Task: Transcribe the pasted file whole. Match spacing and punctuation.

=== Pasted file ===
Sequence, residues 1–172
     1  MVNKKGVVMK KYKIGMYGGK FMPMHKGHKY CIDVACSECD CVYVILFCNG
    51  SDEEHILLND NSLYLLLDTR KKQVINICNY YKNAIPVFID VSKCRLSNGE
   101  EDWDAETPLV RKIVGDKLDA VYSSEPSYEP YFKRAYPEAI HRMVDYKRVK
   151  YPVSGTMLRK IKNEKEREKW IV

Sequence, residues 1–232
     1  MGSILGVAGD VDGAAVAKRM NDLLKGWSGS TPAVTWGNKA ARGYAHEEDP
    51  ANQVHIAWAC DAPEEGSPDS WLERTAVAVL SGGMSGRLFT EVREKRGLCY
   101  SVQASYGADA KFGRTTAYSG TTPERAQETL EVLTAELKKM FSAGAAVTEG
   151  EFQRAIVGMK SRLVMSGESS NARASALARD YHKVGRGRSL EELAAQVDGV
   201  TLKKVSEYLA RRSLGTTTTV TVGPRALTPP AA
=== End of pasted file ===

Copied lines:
Sequence, residues 1–172
     1  MVNKKGVVMK KYKIGMYGGK FMPMHKGHKY CIDVACSECD CVYVILFCNG
    51  SDEEHILLND NSLYLLLDTR KKQVINICNY YKNAIPVFID VSKCRLSNGE
   101  EDWDAETPLV RKIVGDKLDA VYSSEPSYEP YFKRAYPEAI HRMVDYKRVK
   151  YPVSGTMLRK IKNEKEREKW IV

Sequence, residues 1–232
     1  MGSILGVAGD VDGAAVAKRM NDLLKGWSGS TPAVTWGNKA ARGYAHEEDP
    51  ANQVHIAWAC DAPEEGSPDS WLERTAVAVL SGGMSGRLFT EVREKRGLCY
   101  SVQASYGADA KFGRTTAYSG TTPERAQETL EVLTAELKKM FSAGAAVTEG
   151  EFQRAIVGMK SRLVMSGESS NARASALARD YHKVGRGRSL EELAAQVDGV
   201  TLKKVSEYLA RRSLGTTTTV TVGPRALTPP AA